The Surgery Center of Fairbanks was rolling along, kept afloat by revenue from GI cases and other small procedures, while its leadership was blissfully unaware that the orthopedic service line was hemorrhaging money. It turns out the center was paying more for implants alone than the entire reimbursement for some total joint cases. How could that have happened? Where to begin?
If a surgeon wanted a certain implant, the surgeon got it. Always. No questions asked. Ever. In an industry where negotiated prices and discounts are the norm, the center was sometimes paying higher than list price for implants, plates and screws. Vendor reps told members of the center’s business office the amounts that should be put on the purchase orders. That’s the amount that was logged, and that’s the amount that was paid — with no scrutiny.
“Losing money on every orthopedic case obviously wasn’t sustainable,” says Rachel Piszdzek, BSN, RN, CNOR, CAPA, CNAMB, the center’s perioperative services director. “We were underwater before the patient entered the operating room.”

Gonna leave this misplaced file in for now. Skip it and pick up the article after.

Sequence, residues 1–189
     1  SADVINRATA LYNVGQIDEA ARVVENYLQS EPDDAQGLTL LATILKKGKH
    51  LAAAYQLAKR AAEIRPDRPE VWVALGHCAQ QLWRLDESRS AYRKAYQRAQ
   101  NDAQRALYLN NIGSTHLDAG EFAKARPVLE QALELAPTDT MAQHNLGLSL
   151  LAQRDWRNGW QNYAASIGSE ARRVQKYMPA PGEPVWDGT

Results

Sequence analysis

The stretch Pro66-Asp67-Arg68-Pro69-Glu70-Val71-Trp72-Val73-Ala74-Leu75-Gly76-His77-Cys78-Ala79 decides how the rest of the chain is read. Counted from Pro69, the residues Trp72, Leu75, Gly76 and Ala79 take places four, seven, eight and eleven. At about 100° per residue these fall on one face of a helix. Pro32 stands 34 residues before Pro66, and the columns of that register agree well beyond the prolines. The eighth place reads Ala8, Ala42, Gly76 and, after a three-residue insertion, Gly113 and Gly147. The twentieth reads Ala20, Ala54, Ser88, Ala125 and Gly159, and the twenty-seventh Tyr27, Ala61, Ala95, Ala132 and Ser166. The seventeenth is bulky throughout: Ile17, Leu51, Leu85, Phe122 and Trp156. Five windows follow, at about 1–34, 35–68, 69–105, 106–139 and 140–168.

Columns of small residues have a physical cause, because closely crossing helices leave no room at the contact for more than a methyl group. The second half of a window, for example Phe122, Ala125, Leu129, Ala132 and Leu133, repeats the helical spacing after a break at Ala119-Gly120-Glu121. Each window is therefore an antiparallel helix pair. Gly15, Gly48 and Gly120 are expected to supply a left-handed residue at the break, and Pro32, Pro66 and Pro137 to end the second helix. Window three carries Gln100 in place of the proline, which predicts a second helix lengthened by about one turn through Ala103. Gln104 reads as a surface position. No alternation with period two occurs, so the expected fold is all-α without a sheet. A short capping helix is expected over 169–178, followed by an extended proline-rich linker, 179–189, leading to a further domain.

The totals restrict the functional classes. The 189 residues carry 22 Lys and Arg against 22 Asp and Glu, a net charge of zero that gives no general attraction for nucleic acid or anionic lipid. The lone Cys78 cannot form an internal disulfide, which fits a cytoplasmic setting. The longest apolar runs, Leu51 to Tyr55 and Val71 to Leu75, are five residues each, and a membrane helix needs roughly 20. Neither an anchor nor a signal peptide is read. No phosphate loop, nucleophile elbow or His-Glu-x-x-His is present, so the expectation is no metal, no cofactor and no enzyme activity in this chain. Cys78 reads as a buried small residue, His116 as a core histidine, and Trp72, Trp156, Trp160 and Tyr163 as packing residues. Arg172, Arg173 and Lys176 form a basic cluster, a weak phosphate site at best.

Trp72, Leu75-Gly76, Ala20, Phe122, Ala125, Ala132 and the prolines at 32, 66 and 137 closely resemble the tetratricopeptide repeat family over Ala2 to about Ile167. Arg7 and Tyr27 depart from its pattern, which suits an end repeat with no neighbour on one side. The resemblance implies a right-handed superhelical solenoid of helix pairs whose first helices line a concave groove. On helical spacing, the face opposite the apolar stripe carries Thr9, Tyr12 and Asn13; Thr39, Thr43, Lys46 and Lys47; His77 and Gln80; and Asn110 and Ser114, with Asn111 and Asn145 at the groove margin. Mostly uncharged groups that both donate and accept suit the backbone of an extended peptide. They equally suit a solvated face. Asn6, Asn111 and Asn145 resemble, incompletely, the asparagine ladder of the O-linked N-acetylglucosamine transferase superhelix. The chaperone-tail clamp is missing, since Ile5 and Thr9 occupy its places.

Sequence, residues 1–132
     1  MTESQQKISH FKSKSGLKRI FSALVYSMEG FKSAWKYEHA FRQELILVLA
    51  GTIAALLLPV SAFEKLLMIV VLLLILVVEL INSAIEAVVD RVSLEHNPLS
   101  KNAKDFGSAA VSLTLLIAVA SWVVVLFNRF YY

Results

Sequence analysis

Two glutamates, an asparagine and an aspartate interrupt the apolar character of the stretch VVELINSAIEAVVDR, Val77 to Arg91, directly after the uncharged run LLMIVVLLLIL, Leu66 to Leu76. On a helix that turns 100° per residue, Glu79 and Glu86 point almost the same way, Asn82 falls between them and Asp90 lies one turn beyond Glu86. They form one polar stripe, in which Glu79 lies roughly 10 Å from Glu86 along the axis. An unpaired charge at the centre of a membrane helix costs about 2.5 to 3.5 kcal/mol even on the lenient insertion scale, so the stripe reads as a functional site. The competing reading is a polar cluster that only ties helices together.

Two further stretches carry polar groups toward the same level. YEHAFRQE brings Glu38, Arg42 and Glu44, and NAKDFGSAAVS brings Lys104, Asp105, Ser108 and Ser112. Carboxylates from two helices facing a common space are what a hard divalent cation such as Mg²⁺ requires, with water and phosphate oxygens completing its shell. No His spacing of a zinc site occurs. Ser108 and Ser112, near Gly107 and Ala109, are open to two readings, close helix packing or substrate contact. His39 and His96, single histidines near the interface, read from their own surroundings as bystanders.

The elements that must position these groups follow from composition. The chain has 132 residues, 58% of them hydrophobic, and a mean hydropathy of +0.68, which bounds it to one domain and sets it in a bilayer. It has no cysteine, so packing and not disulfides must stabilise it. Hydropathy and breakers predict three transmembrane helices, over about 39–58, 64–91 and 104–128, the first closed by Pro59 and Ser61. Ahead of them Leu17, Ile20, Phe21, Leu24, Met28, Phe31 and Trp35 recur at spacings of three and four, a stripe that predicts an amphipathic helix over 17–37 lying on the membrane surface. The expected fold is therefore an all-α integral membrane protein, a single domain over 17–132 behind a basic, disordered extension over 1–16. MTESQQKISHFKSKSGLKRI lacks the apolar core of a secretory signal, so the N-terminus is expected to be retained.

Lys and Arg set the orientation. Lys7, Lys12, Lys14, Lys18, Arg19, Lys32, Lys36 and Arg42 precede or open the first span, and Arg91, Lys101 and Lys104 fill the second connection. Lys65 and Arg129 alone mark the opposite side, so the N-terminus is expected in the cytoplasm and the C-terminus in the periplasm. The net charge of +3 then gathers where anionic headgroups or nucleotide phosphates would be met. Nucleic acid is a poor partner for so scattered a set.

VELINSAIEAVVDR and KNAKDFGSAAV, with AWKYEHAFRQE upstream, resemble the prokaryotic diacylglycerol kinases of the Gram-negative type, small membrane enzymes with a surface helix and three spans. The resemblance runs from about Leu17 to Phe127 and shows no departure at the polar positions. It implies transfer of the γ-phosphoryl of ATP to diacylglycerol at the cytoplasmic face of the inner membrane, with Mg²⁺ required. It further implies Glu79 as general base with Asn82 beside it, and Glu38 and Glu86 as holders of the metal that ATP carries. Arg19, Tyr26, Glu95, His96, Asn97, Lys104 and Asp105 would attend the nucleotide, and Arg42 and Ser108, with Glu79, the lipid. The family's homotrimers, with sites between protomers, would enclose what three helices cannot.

In the process of getting to the bottom of what went wrong, the staff also learned how to make things right — and became skilled negotiators in the process. They also earned the 2021 OR Excellence Award for Financial Management.
The first item on the turnaround agenda was to hire a consultant with access to what other surgery centers were paying for the same devices Fairbanks was using. The consultant was also knowledgeable about less expensive alternate devices that could be used.
“Armed with that information, we called the vendors and asked for their lowest and best offers,” says Administrator Keli Hite McGee, MA.
Vendors’ reactions to the center’s new way of doing business was mixed. Some said their prices were justified because it cost more for them to ship products and send vendors to Alaska. One company was particularly unwilling to negotiate. Ms. McGee dug in, and even made “Divorce(company name)” her password to log into her work computer each day.
With the physicians’ backing, Ms. McGee and Ms. Piszdzek began negotiating with, and sometimes actually ordering, less expensive implants and hardware. The company with which Ms. McGee vowed to divorce Fairbanks from doing business with suddenly found itself with only 30% of the purchases they counted on from the center.